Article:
“I hope this article really highlights the ways in which all of us struggled during a global pandemic,” said Sarah Gardocki, the School of Health Sciences director of operations and one of the paper’s co-authors. “At times, it was easy to forget that we all – faculty, staff, and students – were facing similar challenges with stay-at-home orders and even isolations and quarantines.”

‘Schools need to have a plan’

Alvin Tran, Sc.D., MPH, an assistant professor of public health and a co-author of the article, learned many valuable lessons during the pandemic, including the importance of having open and honest conversations with his students.

Alvin Tran, Sc.D., MPH.
Alvin Tran, Sc.D., MPH.

Hoping to offer valuable guidance to others in the field, Dr. Tran says learning from COVID is crucial, since research suggests there will be more public health threats, including potential future pandemics – a concern exacerbated, he says, by climate change. He hopes their work will encourage other educators in the field of public health to prepare for such scenarios.

“It is critical to have a pandemic response plan moving forward,” said Dr. Tran, who also serves as the University’s assistant provost for diversity, equity, and inclusion. “Many of our programs in the School of Health Sciences require interactions with patients for a certain number of contact hours, and, often, accreditation for the programs depends on it. In a pandemic involving an infectious disease that is spread from person to person, patient interaction isn’t always feasible. Therefore, schools need to have a plan.”

‘The opportunity to work with such an incredible team’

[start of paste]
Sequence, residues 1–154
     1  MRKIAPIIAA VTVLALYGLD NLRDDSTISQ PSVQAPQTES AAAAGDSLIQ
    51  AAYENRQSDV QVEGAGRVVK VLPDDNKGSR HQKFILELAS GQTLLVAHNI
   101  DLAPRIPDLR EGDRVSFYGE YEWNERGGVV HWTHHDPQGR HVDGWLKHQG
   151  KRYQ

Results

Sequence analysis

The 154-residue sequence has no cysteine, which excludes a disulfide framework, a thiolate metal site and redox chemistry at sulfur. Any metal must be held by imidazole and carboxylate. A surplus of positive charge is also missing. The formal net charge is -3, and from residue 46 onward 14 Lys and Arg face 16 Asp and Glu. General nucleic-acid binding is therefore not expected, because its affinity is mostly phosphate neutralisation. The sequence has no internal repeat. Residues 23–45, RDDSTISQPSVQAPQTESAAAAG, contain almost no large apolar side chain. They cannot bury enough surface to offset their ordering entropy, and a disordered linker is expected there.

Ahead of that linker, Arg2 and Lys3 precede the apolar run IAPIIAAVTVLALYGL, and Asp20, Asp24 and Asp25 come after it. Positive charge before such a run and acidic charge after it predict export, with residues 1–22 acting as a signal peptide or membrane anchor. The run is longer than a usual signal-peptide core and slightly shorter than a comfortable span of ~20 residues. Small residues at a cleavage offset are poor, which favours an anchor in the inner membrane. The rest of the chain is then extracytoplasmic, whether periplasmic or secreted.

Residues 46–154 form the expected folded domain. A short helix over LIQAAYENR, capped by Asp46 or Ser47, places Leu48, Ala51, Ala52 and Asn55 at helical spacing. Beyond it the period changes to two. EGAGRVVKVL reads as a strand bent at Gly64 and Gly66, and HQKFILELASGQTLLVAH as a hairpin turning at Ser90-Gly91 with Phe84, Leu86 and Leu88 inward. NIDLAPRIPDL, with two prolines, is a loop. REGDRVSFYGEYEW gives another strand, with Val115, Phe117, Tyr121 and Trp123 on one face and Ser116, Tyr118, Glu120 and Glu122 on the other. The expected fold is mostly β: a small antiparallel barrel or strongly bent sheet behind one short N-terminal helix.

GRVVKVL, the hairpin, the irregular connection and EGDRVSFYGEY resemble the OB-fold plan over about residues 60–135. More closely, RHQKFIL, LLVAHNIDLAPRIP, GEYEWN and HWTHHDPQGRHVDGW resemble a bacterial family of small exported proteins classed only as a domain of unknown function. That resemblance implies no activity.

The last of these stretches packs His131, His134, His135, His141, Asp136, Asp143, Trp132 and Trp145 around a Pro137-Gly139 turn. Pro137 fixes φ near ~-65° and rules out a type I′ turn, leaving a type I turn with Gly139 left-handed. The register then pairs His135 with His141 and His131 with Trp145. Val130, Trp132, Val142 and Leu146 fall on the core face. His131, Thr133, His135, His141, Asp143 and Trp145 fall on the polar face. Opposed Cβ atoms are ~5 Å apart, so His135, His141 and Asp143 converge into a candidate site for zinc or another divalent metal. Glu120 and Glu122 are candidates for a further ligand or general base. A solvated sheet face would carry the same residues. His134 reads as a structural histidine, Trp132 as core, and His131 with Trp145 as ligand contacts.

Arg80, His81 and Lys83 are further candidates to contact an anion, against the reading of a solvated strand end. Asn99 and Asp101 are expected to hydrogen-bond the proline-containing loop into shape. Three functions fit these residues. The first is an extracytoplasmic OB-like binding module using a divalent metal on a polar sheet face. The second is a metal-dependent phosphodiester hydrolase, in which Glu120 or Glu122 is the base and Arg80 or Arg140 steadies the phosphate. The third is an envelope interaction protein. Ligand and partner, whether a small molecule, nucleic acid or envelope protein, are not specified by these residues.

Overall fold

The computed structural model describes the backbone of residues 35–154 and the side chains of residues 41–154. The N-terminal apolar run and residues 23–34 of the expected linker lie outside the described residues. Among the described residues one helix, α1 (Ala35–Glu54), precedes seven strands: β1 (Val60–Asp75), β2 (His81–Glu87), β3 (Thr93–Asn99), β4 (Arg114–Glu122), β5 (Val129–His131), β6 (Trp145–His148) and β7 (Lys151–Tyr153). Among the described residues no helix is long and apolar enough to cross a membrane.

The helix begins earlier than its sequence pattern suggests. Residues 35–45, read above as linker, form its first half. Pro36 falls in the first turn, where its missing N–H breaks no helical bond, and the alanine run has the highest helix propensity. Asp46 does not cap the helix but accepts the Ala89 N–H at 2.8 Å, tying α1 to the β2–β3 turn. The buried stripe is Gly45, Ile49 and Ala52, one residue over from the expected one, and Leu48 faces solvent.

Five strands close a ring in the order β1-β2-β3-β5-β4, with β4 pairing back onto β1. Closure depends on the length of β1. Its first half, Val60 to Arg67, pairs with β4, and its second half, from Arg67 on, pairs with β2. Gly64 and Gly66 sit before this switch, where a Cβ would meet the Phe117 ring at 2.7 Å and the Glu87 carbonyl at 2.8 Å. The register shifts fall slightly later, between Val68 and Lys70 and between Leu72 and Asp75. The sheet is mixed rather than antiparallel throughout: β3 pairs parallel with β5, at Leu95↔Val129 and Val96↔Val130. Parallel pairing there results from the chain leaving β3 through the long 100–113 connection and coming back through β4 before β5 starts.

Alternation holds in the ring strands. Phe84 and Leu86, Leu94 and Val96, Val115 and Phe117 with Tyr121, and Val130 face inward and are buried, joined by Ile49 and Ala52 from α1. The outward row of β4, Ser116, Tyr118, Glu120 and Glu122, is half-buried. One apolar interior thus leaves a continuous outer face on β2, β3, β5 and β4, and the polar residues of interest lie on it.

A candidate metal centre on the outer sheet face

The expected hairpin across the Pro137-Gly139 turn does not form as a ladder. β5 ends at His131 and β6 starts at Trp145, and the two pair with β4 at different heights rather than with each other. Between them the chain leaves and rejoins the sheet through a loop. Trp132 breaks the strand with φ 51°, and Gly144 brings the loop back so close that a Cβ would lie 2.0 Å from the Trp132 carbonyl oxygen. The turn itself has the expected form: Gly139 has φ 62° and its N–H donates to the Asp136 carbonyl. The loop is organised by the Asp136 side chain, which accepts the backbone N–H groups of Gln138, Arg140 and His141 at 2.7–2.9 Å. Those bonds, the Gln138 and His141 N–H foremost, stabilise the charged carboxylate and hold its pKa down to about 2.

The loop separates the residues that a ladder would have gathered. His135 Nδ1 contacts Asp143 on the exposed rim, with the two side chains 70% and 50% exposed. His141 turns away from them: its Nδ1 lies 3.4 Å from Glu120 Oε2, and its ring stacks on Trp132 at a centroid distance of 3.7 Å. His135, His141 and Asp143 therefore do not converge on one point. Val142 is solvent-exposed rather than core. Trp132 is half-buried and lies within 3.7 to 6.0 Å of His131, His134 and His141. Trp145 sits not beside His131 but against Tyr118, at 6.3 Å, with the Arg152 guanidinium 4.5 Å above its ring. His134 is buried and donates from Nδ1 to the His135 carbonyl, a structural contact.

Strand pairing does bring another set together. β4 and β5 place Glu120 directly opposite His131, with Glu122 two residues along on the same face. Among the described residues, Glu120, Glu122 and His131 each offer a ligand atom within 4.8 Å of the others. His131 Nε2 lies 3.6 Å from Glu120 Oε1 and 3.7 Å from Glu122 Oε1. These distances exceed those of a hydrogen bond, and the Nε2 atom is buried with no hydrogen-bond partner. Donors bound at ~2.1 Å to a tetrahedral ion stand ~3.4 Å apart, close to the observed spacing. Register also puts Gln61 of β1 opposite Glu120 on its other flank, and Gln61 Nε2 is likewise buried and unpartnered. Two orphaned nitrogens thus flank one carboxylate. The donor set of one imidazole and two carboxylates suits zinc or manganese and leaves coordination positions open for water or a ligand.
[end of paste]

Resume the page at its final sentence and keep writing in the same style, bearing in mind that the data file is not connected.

The authors are endeavoring to help other colleges and universities develop such a plan. They identified several challenges that the pandemic has presented in higher education, such as a lack of classroom space to accommodate physical distancing requirements and addressing student recruitment and retention concerns, and they offered recommendations for addressing these challenges. They also emphasize the importance of a flexible emergency learning plan.

Robin Kerkstra
Robin Kerkstra, RDH MSDH, an assistant professor in the University’s Allied Health Department.

“I hope colleges and universities realize professors now have a ‘Plan B’ in place,” said Prof. Kerkstra. “In many cases, ‘Plan B’ worked well and allowed for best practices within an alternative content delivery style. I hope some policies will be amended to allow professors some flexibility with course delivery options based on the needs of the current student cohort. Our published work can serve as a resource to assist other colleges and universities, helping them navigate through uncharted waters.”

In addition to educating others in the field, creating the article served as an invaluable learning experience for Papuga, the dental hygiene major. She says collaborating on the piece was “one of her greatest accomplishments thus far,” and she looks forward to being a part of more research in the field of health sciences.

“A number of my professors have published textbooks that are used in the field, and I hope that someday I can get there,” she said. “This experience was how I got my toes wet, and I am grateful to have had the opportunity to work with such an incredible team. Being part of the team to create this paper not only gave me the information and tools necessary to be published, but it helped me become a stronger writer and editor. I am excited to jump in and see where I can go from here!”